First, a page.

[QODLink]
Archive
Russia slams UK for Chechen report
Russia has angrily criticised Britain for allowing a British television channel to air an interview with a Chechen rebel leader.
Last Modified: 04 Feb 2005 15:48 GMT
Channel 4 News aired an interview with Basayev
Russia has angrily criticised Britain for allowing a British television channel to air an interview with a Chechen rebel leader.

Russian authorities said such broadcasts gave direct support to terrorists.

In the interview with Channel 4 News, shown on Thursday night, Chechen guerrilla commander Shamil Basayev said he planned more attacks like the bloody school hostage-taking he masterminded in Beslan.

Russia, which says Basayev is linked to al-Qaida, had asked London to block the broadcast.

The Russian Foreign Ministry said it deeply regretted the programme had been shown. "We consider this step gives direct information support to terrorists in the North Caucasus," a statement said.

'Cynical'

"That this happened in a country that is in the chair of the G8 group of industrial-developed states, where combating terrorism is a key theme, can only arouse concern," it said.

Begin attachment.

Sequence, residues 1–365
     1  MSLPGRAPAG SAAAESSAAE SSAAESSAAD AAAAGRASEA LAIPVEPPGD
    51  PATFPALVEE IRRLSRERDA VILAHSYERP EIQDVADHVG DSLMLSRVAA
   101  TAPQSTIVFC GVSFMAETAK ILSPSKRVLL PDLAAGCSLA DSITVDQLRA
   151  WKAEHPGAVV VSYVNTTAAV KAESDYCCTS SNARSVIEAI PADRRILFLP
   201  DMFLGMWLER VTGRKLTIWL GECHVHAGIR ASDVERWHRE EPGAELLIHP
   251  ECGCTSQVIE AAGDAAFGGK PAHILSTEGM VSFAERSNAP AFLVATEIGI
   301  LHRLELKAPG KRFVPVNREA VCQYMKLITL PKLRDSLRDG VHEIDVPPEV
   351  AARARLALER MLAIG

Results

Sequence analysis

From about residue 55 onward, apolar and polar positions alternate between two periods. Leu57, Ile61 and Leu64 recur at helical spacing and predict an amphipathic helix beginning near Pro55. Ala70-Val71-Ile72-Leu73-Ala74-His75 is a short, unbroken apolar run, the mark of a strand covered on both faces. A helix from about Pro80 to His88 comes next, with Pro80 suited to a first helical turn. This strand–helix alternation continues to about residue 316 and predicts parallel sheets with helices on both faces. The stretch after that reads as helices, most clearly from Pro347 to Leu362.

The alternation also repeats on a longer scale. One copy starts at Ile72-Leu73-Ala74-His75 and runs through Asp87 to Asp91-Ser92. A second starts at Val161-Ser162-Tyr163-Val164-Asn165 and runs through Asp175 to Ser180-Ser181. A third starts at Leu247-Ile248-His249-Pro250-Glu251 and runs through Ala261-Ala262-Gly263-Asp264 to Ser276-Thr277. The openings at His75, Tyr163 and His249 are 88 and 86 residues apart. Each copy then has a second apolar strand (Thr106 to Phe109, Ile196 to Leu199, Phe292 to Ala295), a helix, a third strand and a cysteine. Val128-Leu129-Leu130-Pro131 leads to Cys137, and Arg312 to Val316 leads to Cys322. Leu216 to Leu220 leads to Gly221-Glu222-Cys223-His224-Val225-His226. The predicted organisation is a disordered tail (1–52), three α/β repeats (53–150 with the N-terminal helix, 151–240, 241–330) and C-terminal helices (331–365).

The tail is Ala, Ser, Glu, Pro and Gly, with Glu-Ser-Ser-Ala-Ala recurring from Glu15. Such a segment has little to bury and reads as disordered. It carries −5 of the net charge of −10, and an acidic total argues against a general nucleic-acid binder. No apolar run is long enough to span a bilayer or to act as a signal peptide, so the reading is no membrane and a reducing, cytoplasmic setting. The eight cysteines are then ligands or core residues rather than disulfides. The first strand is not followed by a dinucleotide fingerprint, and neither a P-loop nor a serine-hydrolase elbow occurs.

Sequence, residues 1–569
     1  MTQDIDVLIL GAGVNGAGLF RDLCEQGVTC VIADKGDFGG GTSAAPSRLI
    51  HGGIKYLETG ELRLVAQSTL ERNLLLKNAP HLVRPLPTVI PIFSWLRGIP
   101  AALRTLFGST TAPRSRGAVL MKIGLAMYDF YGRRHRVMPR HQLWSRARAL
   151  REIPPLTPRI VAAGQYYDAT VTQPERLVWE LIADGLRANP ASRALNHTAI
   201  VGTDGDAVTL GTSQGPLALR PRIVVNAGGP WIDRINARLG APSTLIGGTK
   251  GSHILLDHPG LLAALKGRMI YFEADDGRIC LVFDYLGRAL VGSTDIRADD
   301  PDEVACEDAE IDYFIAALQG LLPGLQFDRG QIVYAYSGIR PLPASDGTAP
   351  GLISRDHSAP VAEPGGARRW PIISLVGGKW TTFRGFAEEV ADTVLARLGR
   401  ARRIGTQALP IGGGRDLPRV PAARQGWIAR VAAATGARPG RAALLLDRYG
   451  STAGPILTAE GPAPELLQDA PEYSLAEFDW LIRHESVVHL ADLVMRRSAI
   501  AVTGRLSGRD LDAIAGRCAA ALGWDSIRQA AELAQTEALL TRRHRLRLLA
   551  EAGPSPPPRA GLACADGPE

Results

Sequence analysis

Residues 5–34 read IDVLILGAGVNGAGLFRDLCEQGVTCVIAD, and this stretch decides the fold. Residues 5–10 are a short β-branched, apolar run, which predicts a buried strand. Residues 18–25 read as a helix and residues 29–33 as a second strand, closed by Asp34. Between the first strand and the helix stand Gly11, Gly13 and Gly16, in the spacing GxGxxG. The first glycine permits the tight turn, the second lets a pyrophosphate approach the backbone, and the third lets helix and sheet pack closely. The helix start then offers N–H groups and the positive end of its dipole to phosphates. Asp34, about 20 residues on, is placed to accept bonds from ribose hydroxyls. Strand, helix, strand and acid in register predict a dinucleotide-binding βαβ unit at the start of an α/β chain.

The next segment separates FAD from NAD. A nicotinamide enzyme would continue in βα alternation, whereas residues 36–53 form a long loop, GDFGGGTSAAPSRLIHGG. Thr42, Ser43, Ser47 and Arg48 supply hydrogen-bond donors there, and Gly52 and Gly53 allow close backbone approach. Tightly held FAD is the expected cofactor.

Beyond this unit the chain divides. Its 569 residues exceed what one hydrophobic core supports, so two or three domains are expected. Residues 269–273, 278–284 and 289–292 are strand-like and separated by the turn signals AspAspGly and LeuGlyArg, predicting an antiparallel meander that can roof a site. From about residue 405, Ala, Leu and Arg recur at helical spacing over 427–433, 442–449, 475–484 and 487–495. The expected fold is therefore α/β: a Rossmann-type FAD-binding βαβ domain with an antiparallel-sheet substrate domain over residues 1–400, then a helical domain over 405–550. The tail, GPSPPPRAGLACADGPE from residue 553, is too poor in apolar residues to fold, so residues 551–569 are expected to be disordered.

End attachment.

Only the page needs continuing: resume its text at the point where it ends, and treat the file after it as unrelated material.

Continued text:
"Today any attempts to justify giving a public platform to terrorists ... with references to freedom of speech look cynical to say the least," it said.

Basayev said he planned more
attacks similar to Beslan

The British government said the decision to air the interview was up to the broadcaster, while adding that Foreign Minister Jack Straw had called the Beslan siege "simply evil beyond reason or excuse".

More than 330 people - half of them children - were killed in that attack.

Britain and Russia have clashed over Chechnya before, when a London court gave asylum to top rebel envoy Akhmed Zakayev.

Russia said Zakayev was an international terrorist, but the court ruled he would not get a fair trial in Russia and allowed him to live freely in Britain.

Source:
Reuters
Topics in this article
People
Country
Featured on Al Jazeera
Weaving and handicrafts are being re-taught to a younger generation of Iraqi Kurds, but not without challenges.
The author argues that in the new economy, it's people, not skills or majors, that have lost value.
Colleagues of detained Al Jazeera journalists press demands for their release, 100 days after their arrest in Egypt.
Mehdi Hasan discusses online freedoms and the potential of the web with Wikipedia founder Jimmy Wales.
Featured
As nuclear age approaches eighth decade, visitors flock to historic bomb craters at New Mexico test sites.
Venezuela's president lacks the charisma and cult of personality maintained by the late Hugo Chavez.
Despite the Geneva deal, anti-government protesters in Ukraine's eastern regions don't intend to leave any time soon.
Since independence, Zimbabwe has faced food shortages, hyperinflation - and several political crises.
After a sit-in protest at Poland's parliament, lawmakers are set to raise government aid to carers of disabled youth.
join our mailing list